Today you're looking at the 51st post I've managed to put together on this blog since I started keeping it, which was, by some stroke of synchronicity, almost exactly five years ago. That's an average of 10 posts a year, not too bad!
When I think back on five years ago, and read what I was writing then, I realize how so much is different and yet how much is still the same. Back then, I had recently arrived in Oaxaca, Mexico for the 2nd time, and as my writing was a lot more sporadic at the time, I managed to leave out quite a few of the experiences I'd had there. So today I thought I'd see how good my memory is as I try to piece back together one of the more interesting excursions I took outside of the city.
This particular day involved a trip stopping off at a number of locations, each one offering a vastly different experience. The first was at a town politically separate from Oaxaca, although with the urban sprawl of recent years you never really leave what feels like a city before you see this:
It, and a younger specimen of rivaling immensity in the near vicinity, are now located within a populated area known as Tule. But historically this area, like much of Oaxaca, was a swamp, and this particular swamp as it had once occurred would have been the home to countless such wooden giants, a veritable freshwater mangrove forest of gargantuan proportion. Today the two millenary survivors are fenced off into well-manicured gardens, where local boys will, for a few pesos, point out some animal shapes in the knobby trunks and branches. To this end they are equipped with handheld mirrors to bounce some sunlight onto the formations in question, like a low-tech laser pointer.
Once you've had your fill of these massive specimens, you can make your way to Mitla:
Take, for example, the recurring pattern seen in the middle of this photo. Here we can see a visual representation of one aspect of the Mesoamerican cosmovision. The staircase represents an individual's ascendance from birth, childhood, adolescence, adulthood and old age. This was followed by the spiraling mystery of existence in the afterlife, only then to be proceeded by another staircase, another life. Reincarnation!
The Spanish came to such a place and ordered the temples to be dismantled, the stones of which to be incorporated into the church you see above. Fortunately, not all the temples were needed for that project, and thanks to the lack of mortar, which is more susceptible to erosion, what's left of the temples can still be appreciated today.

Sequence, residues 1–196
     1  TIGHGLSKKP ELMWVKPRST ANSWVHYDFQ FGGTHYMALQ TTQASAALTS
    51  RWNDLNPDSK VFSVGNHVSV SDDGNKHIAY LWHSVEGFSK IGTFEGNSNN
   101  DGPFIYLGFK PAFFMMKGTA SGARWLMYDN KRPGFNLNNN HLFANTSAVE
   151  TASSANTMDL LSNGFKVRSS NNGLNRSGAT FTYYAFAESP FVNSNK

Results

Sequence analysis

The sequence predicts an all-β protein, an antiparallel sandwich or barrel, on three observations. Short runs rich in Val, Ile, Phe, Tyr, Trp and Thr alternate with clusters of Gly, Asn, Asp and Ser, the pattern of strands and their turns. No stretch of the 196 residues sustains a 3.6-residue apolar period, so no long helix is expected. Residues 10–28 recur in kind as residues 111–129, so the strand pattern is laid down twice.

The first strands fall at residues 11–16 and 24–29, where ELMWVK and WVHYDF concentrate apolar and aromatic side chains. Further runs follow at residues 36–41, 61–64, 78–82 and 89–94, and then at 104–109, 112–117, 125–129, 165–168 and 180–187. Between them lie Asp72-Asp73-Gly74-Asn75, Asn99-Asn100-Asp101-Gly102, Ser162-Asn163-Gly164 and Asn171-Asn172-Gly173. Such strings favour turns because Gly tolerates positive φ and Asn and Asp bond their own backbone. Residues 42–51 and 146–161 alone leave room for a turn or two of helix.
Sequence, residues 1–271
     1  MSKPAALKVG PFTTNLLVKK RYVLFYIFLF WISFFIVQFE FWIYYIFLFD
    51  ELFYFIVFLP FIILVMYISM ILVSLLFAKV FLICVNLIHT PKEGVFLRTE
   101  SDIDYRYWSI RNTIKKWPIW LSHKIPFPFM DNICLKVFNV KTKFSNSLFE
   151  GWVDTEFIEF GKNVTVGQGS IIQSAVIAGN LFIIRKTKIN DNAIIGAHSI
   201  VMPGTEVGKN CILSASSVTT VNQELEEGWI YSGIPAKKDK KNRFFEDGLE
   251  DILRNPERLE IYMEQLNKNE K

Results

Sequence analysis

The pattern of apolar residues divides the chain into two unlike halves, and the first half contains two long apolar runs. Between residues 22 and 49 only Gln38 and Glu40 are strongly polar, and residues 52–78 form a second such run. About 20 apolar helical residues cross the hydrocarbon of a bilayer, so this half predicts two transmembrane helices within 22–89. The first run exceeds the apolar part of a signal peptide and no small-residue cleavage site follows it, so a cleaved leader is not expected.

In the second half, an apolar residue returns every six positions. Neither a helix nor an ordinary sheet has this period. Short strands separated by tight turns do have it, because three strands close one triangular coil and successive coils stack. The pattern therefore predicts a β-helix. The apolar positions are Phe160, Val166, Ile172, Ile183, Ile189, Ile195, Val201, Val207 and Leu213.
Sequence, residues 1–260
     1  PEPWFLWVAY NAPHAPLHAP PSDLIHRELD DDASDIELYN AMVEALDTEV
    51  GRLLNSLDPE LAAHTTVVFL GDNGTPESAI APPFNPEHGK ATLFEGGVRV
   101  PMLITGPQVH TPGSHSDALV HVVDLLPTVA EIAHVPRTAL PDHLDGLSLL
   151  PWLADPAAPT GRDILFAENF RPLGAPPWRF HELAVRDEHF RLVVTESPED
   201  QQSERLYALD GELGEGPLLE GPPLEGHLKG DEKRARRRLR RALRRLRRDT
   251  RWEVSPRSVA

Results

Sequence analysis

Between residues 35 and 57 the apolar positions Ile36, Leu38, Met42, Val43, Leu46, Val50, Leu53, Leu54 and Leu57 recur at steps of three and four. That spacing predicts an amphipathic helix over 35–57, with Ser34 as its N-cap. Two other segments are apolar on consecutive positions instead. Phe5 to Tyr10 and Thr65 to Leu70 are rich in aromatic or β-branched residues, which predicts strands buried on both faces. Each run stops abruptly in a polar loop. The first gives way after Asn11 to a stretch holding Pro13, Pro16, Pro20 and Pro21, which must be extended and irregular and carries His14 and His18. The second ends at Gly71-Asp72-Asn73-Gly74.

But the real draw of this pool was the incredibly high concentration of mineral content, not the least of which is calcium bicarbonate. The effect on the bather is the bubbly sensation of soaking in Alka-Seltzer.
Before I took a swim myself, I took a quick jog up the hill to see the pools themselves from another vantage. Here you can see how the cliffside below the pools has accumulated centuries of mineral buildup as water has spilled endlessly over it, like a petrified waterfall.
One of the things I suspected through some prior samplings but never knew for sure until I spent some time in Mexico is that I love mezcal. When it is made well, it has for me a flavor which rivals the complexity of the finest whiskey from either side of the Atlantic, and at a fraction of the price. It took me awhile to find some mezcal that genuinely belonged to this rarified category, but by my reckoning, Mezcal El Mitleño's top shelf offering, at about $50 a liter, is a fantastic imbibe. On the other hand, there's a lot of mezcal out there that ought to be reserved for cleaning the floor, so watch out!
The next thing you're going to want to do is take those big agave hearts, pile them into a big hole on the ground, and smoke them good. The heat converts the natural starches of the agave into deliciously caramelized sugars available for fermentation, and the technique also imparts onto the final product that magically smoky overtone I've never gotten from any other beverage.
At the end of the tour, we got to try the mezcal, and my heart was won by their highest-end bottle, still a steal at the price I mentioned above. In fact, I bought enough of it to travel with, and I drink it sparingly enough to still have a few ounces left for sharing on a special occasion.
But what really kept me coming back for more of the Mexican food on the street and in the markets was the endless variety available to try, from the well-known tacos, tamales y tortas to some of the lesser-known and exotic preparations: chapulines, huitlacoche, tlayudas, molotes, chochoyones, atoles, pulques, to name a few with no explanation whatsoever.
If you're worried about the safety or cleanliness of what you just ate, don't. That's what the mezcal is for. I can tell you after weeks of frequenting countless markets and food stands on the streets of Oaxaca, and always going to a cantina or back home for a shot or two of mezcal afterwards that no harm will come to you if you follow that formula. And in the process you will have tasted what Mexican food really is, and due to the naturally gregarious Mexican spirit, you will have met plenty of people happy to talk and listen for as long as the meal lasts.
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